Searching over 5,500,000 cases.


searching
Buy This Entire Record For $7.95

Download the entire decision to receive the complete text, official citation,
docket number, dissents and concurrences, and footnotes for this case.

Learn more about what you receive with purchase of this case.

Rutter v. BX of Tri-Cities Inc.

March 26, 1991; As Amended April 22, 1991.

DAVID L. RUTTER, APPELLANT,
v.
BX OF TRI-CITIES, INC., ET AL, RESPONDENTS



Munson, J. Shields, A.c.j., and Thompson, J., concur.

Author: Munson

David Rutter appeals a summary judgment in favor of Business Exchange, Inc., contending Washington's Franchise Investment Protection Act should govern termination of a franchise agreement between Business Exchange, Inc., and BX of Tri-Cities, Inc., despite a choice of law clause in the agreement.

Business Exchange, Inc. (BEI), a California corporation, operates a nationwide barter club for businesses through a number of local franchises called Business Exchanges (BX). Under this franchise arrangement, BEI grants exclusive licenses to qualified franchisees to conduct the business exchange program in designated geographic areas.

Thomas Brown is the sole officer and shareholder of B-X of Spokane, Inc. (BXSPO). Beginning in January 1981, BXSPO operated the business exchange program in Spokane County. Mr. Brown enrolled David Rutter, doing business as Burger King, as a BX member on January 30, 1981.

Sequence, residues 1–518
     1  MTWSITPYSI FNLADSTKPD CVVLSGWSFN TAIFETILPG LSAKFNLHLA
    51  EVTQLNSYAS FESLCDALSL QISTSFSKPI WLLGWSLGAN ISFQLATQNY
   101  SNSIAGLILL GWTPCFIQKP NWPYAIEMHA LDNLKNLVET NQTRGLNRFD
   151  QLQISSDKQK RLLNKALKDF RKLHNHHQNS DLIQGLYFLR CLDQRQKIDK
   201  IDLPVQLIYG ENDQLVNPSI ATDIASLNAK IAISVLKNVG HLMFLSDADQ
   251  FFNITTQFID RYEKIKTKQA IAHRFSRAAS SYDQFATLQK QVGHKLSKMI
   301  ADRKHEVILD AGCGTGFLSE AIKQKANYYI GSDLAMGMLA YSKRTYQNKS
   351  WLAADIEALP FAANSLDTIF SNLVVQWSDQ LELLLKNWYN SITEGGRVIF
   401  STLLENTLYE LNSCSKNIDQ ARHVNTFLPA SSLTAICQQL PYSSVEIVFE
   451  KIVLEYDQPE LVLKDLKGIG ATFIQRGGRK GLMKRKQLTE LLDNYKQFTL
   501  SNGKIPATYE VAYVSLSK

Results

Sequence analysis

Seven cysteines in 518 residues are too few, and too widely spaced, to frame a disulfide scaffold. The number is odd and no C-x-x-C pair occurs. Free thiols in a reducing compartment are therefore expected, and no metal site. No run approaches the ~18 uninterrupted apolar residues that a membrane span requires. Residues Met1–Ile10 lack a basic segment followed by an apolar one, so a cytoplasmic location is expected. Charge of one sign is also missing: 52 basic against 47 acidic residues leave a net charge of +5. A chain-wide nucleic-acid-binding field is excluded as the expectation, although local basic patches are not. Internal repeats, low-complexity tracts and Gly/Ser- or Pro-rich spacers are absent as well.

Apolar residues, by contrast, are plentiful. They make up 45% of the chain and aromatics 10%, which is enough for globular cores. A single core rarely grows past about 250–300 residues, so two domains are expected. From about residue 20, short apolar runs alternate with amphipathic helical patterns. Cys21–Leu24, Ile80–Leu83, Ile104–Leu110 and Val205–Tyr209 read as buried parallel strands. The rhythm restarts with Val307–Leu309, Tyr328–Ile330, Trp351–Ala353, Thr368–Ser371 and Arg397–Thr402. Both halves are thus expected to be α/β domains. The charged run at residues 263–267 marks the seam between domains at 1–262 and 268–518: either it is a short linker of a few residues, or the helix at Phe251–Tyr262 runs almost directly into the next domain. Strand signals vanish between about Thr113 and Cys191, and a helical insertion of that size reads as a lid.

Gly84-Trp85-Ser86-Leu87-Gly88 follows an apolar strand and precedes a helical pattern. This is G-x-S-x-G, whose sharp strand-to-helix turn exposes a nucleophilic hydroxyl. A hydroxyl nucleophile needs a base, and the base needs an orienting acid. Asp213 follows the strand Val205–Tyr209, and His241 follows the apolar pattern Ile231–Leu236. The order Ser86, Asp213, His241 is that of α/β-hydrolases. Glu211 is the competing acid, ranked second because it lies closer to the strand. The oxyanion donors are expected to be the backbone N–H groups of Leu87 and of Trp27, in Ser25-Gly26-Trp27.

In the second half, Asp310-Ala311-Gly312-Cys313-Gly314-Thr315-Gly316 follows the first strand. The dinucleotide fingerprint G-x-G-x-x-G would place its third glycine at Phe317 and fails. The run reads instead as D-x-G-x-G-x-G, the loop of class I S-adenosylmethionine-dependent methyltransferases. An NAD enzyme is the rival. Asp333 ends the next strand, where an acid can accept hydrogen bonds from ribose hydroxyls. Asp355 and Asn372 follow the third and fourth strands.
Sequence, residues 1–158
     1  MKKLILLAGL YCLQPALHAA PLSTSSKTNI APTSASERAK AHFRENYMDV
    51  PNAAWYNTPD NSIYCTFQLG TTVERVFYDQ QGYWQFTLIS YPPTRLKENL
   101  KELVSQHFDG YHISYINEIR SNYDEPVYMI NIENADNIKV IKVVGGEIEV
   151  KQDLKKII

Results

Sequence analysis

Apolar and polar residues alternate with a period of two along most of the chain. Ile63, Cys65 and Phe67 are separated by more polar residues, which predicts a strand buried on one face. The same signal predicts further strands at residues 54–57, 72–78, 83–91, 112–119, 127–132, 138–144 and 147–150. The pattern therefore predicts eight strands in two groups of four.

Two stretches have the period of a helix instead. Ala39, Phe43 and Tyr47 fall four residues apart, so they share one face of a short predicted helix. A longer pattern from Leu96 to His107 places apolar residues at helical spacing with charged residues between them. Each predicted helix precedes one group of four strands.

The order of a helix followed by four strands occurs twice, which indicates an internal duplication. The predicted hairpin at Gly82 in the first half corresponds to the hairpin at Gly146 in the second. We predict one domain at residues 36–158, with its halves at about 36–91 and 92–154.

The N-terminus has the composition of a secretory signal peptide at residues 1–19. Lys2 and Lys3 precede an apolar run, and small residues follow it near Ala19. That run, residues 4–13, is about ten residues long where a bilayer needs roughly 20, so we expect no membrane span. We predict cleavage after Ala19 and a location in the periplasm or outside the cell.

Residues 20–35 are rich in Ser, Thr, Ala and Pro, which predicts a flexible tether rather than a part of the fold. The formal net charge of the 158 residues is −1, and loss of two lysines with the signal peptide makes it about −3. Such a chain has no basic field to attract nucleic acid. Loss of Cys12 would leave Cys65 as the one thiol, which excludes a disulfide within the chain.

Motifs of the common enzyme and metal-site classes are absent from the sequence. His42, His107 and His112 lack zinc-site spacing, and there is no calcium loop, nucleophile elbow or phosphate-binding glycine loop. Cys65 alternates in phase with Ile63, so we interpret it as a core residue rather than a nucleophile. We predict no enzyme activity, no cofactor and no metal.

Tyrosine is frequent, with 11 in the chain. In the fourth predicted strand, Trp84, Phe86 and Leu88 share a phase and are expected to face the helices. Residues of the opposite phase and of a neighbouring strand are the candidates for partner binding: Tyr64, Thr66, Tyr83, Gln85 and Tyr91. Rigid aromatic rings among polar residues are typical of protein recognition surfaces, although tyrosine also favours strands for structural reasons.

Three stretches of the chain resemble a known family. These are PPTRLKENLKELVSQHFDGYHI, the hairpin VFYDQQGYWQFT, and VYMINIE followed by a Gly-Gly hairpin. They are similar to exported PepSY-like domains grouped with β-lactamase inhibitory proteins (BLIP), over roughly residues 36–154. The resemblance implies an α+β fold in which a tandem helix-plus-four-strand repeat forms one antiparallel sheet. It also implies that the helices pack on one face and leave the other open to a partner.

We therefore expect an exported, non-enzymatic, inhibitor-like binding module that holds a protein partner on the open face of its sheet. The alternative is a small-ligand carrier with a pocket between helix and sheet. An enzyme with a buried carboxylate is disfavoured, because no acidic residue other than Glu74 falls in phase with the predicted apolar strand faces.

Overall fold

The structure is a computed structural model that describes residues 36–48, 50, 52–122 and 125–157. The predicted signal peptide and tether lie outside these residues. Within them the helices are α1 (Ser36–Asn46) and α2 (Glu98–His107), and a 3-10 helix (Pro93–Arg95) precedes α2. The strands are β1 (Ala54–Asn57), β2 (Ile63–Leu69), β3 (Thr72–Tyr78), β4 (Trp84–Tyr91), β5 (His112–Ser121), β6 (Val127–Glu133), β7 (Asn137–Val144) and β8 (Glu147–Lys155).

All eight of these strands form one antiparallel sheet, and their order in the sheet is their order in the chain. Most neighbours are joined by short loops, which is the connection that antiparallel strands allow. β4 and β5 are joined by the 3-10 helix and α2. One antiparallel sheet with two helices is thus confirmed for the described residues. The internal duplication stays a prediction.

In October 1982, Mr. Brown incorporated BX of Tri-Cities, Inc. (BXTC). BXTC immediately purchased the BEI franchise for the Walla Walla and Tri-Cities areas from Mountain West Distributors, Inc., thereby acquiring exclusive rights to operate the BX program in Benton, Columbia, Franklin, and Walla Walla Counties.

In July 1983, Mr. Rutter entered into a loan arrangement with Mr. Brown in which he signed over $16,500 worth of his BX credits in exchange for a promissory note for $15,000, secured by 51 percent of the stock in BXTC. Mr. Brown signed the promissory note in his capacity as president of BXTC.

On February 1, 1984, BEI sent a notice of default to BXSPO, addressed to Mr. Brown. On March 26, 1984, BEI sent another letter to BXSPO, again addressed to Mr. Brown, canceling all agreements between him and BEI, including the BXTC franchise.*fn1

BXTC failed to make monthly installment payments required on the $15,000 promissory note. On April 23, 1984, Mr. Rutter sent BXTC notice of default. Aware that BEI had terminated the BXTC franchise, Mr. Rutter commenced this lawsuit, naming BXSPO, BXTC, the marital community of Thomas and Vicki Brown, and BEI as defendants.

In 1987 an order was entered permitting Mr. Rutter to pursue BXTC's claims against BEI under the trust fund doctrine.*fn2 That order has not been appealed.

Contending the BEI franchise agreement is subject to the provisions of the Washington Franchise Investment Protection Act (FIPA), and the cancellation of the BXTC franchise violated that act, Mr. Rutter moved for partial summary judgment against BEI.*fn3 BEI also moved for partial summary judgment, claiming more liberal provisions of

California law governed the validity of the franchise ...


Buy This Entire Record For $7.95

Download the entire decision to receive the complete text, official citation,
docket number, dissents and concurrences, and footnotes for this case.

Learn more about what you receive with purchase of this case.